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Understanding the Connection Between Addiction and Gambling


Substance use disorder (SUD), also known as addiction, is listed in the Diagnostic and Statistical Manual of Mental Disorders, Fifth Edition (DSM-5) as a complex, chronic brain disorder. The Mayo Clinic explains addiction as a disease “that affects a person’s brain and behavior and leads to an inability to control the use of a legal or illegal drug or medication” without regard for consequence. There is a common misconception that addiction must involve a physical dependence on one or more substances. Nevertheless, addiction can occur in many forms, which are typically divided into two categories: substance addiction and process addiction, also known as behavioral addiction. 

The critical difference between substance addiction and behavioral addiction is that process addictions do not involve a physical dependence on a substance. The Merriam-Webster Dictionary defines addiction as “a compulsive, chronic, physiological or psychological need for a habit-forming substance, behavior, or activity having harmful physical, psychological, or social effects and typically causing well-defined symptoms (such as anxiety, irritability, tremors, or nausea) upon withdrawal or abstinence.” The American Psychiatric Association, for example, refers to gambling disorder as a process addiction. 

The connection between addiction and gambling disorder is that they are two variations of the same condition that manifest as harmful patterns within a specific domain. Gambling disorder is listed in the DSM-5 under the process addiction category. The primary feature of process addictions is “the failure to resist an impulse, drive, or temptation to perform an act that is harmful to the person or to others.” The areas of the brain that are triggered through gambling reflect those affected when an individual engages in substance abuse. 

Neurotransmitters such as dopamine, serotonin, and norepinephrine are stimulated by both substance abuse and gambling, respectively. Dopamine is known as the feel-good neurotransmitter. It is the chemical that transmits information between neurons. It is naturally released in one’s brain from experiencing certain pleasurable stimuli (e.g., exercising, eating food, having sex, etc.). An individual that abuses certain substances can increase the release of dopamine in one’s brain, creating a feeling of euphoria. Similarly, an individual that engages in gambling may experience the same increase in dopamine level production, triggering a feeling of euphoria. When dopamine is released in one’s brain (regardless of the source) an individual struggling with addiction will continue to seek the stimuli that created the euphoric feeling and return to it regularly. This, in turn, can strengthen synaptic connections creating neural pathways that support one’s addiction within his or her brain. Research shows behavioral addictions, such as gambling addiction, mirror substance use addictions in their comorbidity, symptom presentation, neurobiological mechanism, and response to treatment.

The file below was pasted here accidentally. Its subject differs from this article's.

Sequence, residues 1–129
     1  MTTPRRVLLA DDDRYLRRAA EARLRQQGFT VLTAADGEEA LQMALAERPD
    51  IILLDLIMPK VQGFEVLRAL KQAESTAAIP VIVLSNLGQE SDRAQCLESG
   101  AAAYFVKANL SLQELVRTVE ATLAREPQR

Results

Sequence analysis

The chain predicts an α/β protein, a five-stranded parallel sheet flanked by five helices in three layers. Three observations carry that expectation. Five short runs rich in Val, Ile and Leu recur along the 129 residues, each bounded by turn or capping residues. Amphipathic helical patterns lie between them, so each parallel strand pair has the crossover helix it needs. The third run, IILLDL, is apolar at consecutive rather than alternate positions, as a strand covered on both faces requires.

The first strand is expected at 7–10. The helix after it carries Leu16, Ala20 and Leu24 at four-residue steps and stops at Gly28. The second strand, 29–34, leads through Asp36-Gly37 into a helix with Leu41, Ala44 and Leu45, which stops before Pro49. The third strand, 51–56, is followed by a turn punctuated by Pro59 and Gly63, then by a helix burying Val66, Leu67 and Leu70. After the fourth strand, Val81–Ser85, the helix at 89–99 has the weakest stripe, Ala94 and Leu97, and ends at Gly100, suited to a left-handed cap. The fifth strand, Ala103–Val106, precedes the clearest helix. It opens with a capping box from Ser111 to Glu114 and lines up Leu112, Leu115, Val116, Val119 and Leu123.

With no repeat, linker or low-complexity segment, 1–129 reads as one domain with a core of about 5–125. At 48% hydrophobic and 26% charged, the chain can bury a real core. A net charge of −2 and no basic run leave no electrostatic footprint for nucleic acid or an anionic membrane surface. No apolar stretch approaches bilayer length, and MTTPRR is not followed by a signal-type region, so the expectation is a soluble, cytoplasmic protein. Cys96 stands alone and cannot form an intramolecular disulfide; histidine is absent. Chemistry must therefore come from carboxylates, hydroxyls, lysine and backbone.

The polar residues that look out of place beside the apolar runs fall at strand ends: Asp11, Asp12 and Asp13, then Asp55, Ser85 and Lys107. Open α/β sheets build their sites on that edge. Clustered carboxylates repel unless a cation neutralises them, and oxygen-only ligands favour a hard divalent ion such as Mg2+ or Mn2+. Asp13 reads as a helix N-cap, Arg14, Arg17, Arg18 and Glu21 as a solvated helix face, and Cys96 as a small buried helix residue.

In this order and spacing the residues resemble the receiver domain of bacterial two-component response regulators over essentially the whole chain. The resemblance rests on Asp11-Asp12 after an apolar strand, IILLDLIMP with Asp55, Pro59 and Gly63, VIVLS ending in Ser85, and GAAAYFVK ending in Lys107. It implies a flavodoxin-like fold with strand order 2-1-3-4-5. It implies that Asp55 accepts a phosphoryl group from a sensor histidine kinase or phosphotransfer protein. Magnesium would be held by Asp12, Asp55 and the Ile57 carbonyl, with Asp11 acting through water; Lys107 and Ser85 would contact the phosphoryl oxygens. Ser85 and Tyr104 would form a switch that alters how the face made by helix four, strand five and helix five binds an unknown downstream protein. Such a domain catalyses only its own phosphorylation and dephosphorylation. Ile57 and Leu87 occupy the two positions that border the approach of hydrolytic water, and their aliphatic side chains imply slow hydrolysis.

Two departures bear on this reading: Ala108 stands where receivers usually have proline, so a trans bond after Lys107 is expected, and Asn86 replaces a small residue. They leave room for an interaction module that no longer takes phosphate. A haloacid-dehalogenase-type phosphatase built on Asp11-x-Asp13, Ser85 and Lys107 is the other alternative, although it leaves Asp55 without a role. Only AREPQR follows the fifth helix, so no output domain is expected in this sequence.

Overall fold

For Information and Support 

Substance abuse and addiction can be incredibly dangerous and can result in severe short and long-term consequences. If you or someone you know is suffering from substance abuse or addiction, please get help as soon as possible. The earlier you seek support, the sooner you and your loved ones can return to leading happy, healthy, and fulfilling lives. There is no reason to go through this alone, and we are here to help. Please feel free to reach out to us for further information or with any questions regarding substance abuse or addiction. We are available anytime via telephone at: 213-389-9964, or you can always email us at:

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